Monday, 27 June 2011

Office365 (part 2)

After my last post about Office365, I thought that I would write a bit more about why I think it would be such a good product for us; the rationale behind the thinking.

Some 10 years ago, less than half of the office staff had PCs, and there were perhaps 2 PCs in the factory area. Now, everyone in the offices has a PC (some have more than one) and in the factory areas, there are just over 2 PCs for every 5 staff. (These are shared by people and used as required to access relevant data.) As you can see, there has been a significant growth in the use of IT systems in the last decade.

About 6 years ago, some people start working with laptops and they were able to use VPN connections to get access to systems in the office, primarily for email when they were off site. To start with these were senior managers, IT staff and some sales people, but over the last couple of years, the number has increased to include many others. We even have a couple of ladies from our customer support team that regularly go out to visit partner companies that they work with, and they take a ?pool? laptop with them.

As you?ll realise, having access to email, CRM & ERP systems along with data files is pretty important for many of these staff and it helps them do their job far more efficiently. However, although the process to connect the VPN is really easy, some of them still occasionally have difficulties in making the VPN connections and we have been looking to see if there is a way to make their life easier.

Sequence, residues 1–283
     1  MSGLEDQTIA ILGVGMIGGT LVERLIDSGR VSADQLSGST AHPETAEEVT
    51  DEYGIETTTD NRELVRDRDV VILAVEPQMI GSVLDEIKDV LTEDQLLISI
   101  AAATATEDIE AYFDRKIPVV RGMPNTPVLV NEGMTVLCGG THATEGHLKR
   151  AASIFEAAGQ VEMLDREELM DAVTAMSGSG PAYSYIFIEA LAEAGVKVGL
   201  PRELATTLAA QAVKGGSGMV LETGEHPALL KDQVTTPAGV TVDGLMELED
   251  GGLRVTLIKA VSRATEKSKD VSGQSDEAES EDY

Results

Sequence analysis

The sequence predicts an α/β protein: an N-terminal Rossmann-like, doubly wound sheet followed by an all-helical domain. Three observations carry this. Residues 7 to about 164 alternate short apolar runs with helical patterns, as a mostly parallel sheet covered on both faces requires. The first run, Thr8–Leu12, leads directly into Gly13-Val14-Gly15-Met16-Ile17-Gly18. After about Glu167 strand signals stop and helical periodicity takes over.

One thing that was discussed in the Microsoft ?Jump Start? sessions a few weeks ago was the concept of a ?Hybrid? cloud; one that used both public and private cloud options linked together. In the session, there was a discussion about linking Office365 using LDAP to connect to an existing Exchange Server inside of a company?s LAN. Effectively, this would extend the mail function to allow Active Directory designated people when outside of the network to use Office365, and staff inside to use the normal Exchange Server; but the two linked together effectively as a single system and without the need for VPN connections.

I think that this could be a major benefit for us; it would make life easier for all staff that travel, as they would have access to their email without having to worry about running VPN connections. They could use their laptops, their smart phones, tablets or even a PC from the people that they are visiting to get access to their mail and other material.

As for staff inside of the business, they would continue to use the existing Exchange mailboxes; but they would still see the travelling staff as being on the same system. It might even be an option for some of the staff internally to use a tablet moving around inside of the factory; although I?m not sure that these devices are quite robust enough for some of the heavy handed individuals we employ!

Of course, there are security issues, but that is for a discussion another time. I feel that the hybrid option would make a lot of sense for us; it would provide a sensible and elegant solution to a problem that has caused a few issues and will only get more serious as time goes by. I think that Office365 is a product that deserves some serious consideration and could provide a real option for our travelling staff; and it might be a real advantage to the business.

Monday, 13 June 2011


As promised in my last post, I’m going to write about the new Office365 product for which I have been testing the beta version. If you want to take a look at the beta for yourselves, then sign up here: